Government urged to prevent mass homelessness crisis
The government has been urged to extend their support to avoid a mass homelessness crisis as we start to come out of the other side of the pandemic. The eviction ban ended at the end of May and the BBC cited that around a million households feared losing their homes. Families across the country are struggling to pay their rents or mortgages and charities are fearing a wave of homelessness if no further support is provided.
Thousands of families losing their homes will ultimately turn to their councils for help. Councils that are already underfunded and struggling to house thousands of people on waiting lists. Though the furlough scheme and a Universal Credit uplift have both been extended to September, people are still struggling.
A significant number of redundancies are also expected once the furlough scheme comes to an end and it’s only then we’ll see the full effects of the pandemic. Businesses have struggled and the furlough scheme has been a lifeline but once this ends, this could push some families over the edge.
Unfortunately, there just isn’t enough housing for those who need it. Even before the pandemic we were in the middle of a housing crisis. This will only get worse. There’s a stigma attached to temporary housing because of the unsuitable housing that has been offered in the past. Families are left cramped in hotel rooms and B&Bs or caravans that are falling apart. Other families say they feel trapped in old buildings having to share kitchens and bathrooms so are left fighting for space.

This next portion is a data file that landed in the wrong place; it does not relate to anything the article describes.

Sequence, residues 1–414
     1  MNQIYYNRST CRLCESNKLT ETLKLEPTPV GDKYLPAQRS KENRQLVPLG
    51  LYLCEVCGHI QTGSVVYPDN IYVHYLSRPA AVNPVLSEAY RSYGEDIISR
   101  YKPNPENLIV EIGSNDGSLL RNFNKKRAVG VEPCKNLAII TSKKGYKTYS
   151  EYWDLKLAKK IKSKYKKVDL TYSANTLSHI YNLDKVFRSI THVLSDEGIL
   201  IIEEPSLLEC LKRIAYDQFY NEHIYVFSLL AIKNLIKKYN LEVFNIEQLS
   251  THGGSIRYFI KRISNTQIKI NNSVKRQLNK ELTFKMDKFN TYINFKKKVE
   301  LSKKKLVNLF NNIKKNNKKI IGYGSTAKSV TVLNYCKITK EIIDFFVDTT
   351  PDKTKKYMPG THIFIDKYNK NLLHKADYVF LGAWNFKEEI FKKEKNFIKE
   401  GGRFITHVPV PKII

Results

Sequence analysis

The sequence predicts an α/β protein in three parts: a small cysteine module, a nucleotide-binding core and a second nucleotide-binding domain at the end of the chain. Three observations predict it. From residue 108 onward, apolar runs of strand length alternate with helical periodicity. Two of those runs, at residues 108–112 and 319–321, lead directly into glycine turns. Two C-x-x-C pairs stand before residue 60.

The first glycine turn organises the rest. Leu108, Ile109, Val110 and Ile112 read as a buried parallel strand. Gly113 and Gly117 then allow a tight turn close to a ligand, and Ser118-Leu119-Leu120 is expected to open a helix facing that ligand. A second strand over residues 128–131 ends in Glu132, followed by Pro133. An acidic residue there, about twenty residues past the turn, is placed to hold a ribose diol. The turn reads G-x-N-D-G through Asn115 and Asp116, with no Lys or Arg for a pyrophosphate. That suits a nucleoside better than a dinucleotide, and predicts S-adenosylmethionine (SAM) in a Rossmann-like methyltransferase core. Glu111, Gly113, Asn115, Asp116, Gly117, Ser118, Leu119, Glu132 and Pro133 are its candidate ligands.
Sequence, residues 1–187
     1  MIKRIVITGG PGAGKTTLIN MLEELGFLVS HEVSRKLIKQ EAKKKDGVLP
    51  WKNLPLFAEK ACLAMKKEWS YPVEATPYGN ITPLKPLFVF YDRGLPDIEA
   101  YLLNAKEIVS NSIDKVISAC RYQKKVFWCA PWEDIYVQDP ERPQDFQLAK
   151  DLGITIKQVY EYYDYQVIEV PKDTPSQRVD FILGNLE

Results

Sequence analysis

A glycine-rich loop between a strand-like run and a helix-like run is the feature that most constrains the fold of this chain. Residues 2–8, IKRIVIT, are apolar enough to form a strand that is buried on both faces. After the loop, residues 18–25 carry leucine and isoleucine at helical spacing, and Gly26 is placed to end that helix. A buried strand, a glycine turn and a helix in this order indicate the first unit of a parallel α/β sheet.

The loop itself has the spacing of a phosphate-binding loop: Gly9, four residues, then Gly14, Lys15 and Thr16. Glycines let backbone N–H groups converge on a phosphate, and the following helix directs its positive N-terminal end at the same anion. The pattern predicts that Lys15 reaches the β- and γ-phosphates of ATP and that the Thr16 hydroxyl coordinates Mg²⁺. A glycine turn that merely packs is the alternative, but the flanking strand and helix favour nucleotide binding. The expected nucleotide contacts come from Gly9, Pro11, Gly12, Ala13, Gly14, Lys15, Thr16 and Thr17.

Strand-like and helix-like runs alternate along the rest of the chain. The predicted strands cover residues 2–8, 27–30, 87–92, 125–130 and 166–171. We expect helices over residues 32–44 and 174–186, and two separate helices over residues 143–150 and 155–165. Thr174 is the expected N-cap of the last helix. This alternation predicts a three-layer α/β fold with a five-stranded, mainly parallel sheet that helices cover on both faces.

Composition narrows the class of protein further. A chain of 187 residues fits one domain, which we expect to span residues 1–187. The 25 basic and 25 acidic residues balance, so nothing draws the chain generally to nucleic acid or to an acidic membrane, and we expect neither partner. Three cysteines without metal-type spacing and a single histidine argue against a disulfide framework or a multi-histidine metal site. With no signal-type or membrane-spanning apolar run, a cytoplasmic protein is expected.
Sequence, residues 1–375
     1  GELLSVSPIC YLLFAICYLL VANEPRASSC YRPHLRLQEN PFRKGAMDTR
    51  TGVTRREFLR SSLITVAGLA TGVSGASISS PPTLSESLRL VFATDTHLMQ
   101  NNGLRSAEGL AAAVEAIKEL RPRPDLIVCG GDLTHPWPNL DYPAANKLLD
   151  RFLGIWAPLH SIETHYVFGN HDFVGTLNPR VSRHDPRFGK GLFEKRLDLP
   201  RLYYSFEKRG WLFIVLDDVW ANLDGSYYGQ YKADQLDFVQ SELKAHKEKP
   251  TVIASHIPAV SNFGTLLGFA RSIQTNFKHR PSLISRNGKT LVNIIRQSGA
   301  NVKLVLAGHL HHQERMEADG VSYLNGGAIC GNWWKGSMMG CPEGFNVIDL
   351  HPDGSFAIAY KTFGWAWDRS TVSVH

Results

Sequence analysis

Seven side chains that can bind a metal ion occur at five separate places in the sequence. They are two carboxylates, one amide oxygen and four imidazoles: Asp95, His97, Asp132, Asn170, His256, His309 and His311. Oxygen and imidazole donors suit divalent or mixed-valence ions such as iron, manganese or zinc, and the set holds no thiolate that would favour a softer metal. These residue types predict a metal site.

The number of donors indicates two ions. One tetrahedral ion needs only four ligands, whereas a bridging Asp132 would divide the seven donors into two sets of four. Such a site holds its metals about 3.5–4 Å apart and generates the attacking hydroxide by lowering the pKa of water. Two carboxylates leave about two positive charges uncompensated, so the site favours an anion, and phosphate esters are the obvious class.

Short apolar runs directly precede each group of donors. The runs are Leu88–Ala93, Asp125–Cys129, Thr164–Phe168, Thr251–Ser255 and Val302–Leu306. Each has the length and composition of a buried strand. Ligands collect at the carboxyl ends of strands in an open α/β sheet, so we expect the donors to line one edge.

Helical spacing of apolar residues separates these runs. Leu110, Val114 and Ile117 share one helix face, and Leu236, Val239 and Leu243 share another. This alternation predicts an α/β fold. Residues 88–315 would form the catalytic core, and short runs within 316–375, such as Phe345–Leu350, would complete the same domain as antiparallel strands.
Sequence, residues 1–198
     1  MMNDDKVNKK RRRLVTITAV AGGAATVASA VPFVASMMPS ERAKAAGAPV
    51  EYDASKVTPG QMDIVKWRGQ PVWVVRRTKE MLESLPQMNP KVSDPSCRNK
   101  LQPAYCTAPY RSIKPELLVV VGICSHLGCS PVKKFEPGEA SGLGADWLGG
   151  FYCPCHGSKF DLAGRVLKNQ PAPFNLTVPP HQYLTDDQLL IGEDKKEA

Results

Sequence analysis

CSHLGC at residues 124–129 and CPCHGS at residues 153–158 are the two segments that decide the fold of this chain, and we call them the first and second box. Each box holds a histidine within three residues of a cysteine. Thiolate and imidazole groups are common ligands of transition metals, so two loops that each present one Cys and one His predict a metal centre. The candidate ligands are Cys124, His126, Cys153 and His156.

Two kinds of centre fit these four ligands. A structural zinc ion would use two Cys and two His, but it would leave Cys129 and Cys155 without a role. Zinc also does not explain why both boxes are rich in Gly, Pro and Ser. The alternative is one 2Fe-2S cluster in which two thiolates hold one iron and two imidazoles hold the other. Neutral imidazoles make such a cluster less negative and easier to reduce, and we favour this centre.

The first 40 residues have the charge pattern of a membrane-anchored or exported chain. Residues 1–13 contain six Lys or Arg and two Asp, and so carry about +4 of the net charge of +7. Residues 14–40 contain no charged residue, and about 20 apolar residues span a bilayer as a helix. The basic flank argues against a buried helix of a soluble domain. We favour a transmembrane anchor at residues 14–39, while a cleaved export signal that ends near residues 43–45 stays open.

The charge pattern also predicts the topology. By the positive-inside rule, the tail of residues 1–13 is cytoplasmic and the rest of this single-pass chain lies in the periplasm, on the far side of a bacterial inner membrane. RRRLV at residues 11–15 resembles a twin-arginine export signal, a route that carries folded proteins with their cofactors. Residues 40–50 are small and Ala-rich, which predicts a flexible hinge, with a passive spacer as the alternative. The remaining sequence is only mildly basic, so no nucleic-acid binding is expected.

What can the government do? There are calls for them to extend their support or extend the eviction ban for those who have found themselves in financial difficulty because of covid. We also need a lot more accessible, affordable housing, both long-term and temporary. We’re able to provide high-quality, spacious temporary housing solutions that will make people feel like they have somewhere to call home again. This can be used as a solution to both the housing and homelessness crisis. We design, develop and manufacture relocatable housing units from shipping container conversions up to big beautiful volumetric modular homes and accommodation blocks.
Councils and local authorities can use these homes to house those that have been sitting on waiting lists for years, getting pushed from hotel room to hotel room. As they’re also relocatable, housing units can be moved where necessary. Some sites can sit vacant for years while planning permissions are sought. These sites can be used for temporary housing until more permanent housing is found so the site isn’t left vacant and families can be housed in the meantime.
Take a look at our portfolio to see how we’ve provided some emergency housing solutions for various councils and local authorities.